Tackling Microplastic Pollution in Europe's Rivers
How much plastic ends up in our rivers? And what are the effects on our health and the environment? A group of Italian citizens and scientists have come together to try to answer these questions.
By Denis Loctier
Representative image, Arno river, Florence, Italy, Source: Pixabay
Several times a year, the inhabitants of Sambuca and other Italian municipalities visit dozens of test sites along local rivers to assess the level of pollution in the water. This example of 'citizen science' provides a wealth of interesting data while at the same time raising public awareness about environmental conservation.
"We conduct three types of observations: two are made with chemical reagents that determine the nitrate and phosphate content and the third is a visual analysis that measures the turbidity of the water," says Marco Giunti, one of the volunteers.
The volunteers collect and log plastic litter — a common source of microplastic pollution carried by rivers into seas and the oceans. Other sources, such as urban wastewater or industry, can be indicated by various combinations of chemical pollutants.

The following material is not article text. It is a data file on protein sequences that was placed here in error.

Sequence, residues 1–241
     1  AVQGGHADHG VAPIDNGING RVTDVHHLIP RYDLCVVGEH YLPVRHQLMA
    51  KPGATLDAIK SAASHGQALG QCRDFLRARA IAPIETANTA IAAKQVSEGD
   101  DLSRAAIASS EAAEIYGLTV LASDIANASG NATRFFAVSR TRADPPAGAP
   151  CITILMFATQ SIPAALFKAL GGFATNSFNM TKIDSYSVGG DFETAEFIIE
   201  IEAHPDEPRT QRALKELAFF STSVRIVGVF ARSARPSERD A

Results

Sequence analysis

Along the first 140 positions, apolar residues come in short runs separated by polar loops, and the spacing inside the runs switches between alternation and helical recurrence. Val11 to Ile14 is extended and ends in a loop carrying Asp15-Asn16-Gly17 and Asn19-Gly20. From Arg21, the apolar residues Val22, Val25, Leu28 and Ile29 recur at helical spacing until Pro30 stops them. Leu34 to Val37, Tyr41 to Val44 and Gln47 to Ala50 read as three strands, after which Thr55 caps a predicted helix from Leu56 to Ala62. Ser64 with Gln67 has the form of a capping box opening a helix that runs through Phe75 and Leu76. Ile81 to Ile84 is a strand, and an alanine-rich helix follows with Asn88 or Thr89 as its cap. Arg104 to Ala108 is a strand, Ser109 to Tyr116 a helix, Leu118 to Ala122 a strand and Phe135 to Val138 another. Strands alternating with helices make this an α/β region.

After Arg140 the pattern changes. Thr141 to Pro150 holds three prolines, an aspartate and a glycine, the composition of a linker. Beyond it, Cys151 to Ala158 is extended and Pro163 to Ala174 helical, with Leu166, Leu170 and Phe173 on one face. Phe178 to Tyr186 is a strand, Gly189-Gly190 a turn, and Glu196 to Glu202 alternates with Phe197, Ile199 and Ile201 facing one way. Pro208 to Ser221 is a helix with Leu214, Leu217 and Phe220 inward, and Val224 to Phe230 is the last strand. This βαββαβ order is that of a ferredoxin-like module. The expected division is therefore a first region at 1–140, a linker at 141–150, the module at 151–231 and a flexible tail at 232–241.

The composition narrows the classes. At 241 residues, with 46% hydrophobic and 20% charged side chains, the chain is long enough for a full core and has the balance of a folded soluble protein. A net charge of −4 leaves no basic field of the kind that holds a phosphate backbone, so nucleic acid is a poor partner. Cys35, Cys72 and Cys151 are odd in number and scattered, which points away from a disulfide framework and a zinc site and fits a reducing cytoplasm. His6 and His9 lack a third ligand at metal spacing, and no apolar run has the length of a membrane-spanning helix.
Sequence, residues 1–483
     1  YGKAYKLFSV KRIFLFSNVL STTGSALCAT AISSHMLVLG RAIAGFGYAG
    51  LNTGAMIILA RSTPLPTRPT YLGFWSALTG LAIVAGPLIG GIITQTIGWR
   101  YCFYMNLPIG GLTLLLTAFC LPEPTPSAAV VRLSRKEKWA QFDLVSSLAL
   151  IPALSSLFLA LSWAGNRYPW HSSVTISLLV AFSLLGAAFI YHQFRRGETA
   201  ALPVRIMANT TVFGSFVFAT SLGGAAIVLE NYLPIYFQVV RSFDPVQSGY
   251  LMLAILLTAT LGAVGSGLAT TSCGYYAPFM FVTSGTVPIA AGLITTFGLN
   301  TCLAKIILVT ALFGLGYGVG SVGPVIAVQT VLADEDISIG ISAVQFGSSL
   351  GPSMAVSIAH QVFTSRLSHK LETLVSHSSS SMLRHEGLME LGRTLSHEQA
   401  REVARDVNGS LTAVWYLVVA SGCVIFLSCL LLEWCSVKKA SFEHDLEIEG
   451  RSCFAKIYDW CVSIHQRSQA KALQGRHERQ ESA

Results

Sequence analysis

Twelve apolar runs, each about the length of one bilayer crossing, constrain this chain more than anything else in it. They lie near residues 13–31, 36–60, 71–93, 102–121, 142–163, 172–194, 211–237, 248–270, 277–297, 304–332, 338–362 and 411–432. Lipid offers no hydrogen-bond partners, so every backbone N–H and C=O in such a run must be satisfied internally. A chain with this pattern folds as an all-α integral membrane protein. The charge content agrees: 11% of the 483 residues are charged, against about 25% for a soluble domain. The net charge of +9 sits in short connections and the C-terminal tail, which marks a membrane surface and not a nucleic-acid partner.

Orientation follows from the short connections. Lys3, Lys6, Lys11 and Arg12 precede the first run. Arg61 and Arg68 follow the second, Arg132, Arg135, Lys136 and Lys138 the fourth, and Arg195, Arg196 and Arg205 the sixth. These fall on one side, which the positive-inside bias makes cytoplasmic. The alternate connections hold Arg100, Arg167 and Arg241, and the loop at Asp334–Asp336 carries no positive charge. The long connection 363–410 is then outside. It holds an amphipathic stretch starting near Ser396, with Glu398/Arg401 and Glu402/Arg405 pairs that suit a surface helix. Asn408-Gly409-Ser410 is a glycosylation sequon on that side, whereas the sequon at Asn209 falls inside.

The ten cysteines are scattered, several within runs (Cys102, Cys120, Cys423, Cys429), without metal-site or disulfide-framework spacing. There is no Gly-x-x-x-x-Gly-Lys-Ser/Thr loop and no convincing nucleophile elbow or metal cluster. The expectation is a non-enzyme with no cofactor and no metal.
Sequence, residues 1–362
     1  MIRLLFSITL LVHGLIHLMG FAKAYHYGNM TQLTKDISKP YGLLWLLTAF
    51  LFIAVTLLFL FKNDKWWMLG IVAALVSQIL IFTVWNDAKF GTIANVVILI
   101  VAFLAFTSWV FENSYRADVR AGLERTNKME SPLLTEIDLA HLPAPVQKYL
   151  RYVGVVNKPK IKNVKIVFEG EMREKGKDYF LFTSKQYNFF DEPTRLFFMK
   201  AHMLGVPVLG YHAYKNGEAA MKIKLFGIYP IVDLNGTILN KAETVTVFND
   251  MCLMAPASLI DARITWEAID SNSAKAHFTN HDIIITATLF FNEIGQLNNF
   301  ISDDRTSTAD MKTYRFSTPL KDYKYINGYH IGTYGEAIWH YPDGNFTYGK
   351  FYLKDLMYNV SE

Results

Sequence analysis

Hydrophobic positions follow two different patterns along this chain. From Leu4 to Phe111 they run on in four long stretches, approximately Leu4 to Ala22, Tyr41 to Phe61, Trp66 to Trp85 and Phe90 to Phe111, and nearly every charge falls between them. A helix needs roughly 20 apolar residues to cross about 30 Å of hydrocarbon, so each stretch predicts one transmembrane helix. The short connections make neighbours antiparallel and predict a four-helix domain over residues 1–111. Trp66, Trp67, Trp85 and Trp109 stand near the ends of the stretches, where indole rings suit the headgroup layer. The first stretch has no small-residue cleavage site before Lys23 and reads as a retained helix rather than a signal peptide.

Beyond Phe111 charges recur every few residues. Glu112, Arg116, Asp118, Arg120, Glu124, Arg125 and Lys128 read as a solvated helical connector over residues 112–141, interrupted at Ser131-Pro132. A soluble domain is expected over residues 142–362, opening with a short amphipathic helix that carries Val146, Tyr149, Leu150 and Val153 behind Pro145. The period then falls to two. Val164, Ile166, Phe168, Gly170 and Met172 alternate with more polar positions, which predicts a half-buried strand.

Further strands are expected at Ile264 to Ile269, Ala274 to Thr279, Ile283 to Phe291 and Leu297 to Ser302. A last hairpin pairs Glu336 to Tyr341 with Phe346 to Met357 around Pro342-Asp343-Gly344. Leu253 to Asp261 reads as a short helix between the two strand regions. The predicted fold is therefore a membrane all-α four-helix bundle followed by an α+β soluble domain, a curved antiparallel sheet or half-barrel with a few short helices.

"We note what type of plastic waste we found on a given site: we record everything in writing and online thanks to a specific mobile application," explains Andrea Vanni, a young volunteer.
Microparticles studied in "microcosms"
The data collected by citizen scientists are then studied within a European research project, POSEIDOMM, which uses laboratory instruments to find microplastics in water samples.
The water from the river is passed through a paper filter which is then heated in a special instrument up to 900 degrees Celsius. As the filter heats up, different compounds volatilise at different temperatures. The precise scales inside the instrument measure the changes of the sample's weight at each temperature, indicating the type and weight of microplastics present.
Read full article: Euro News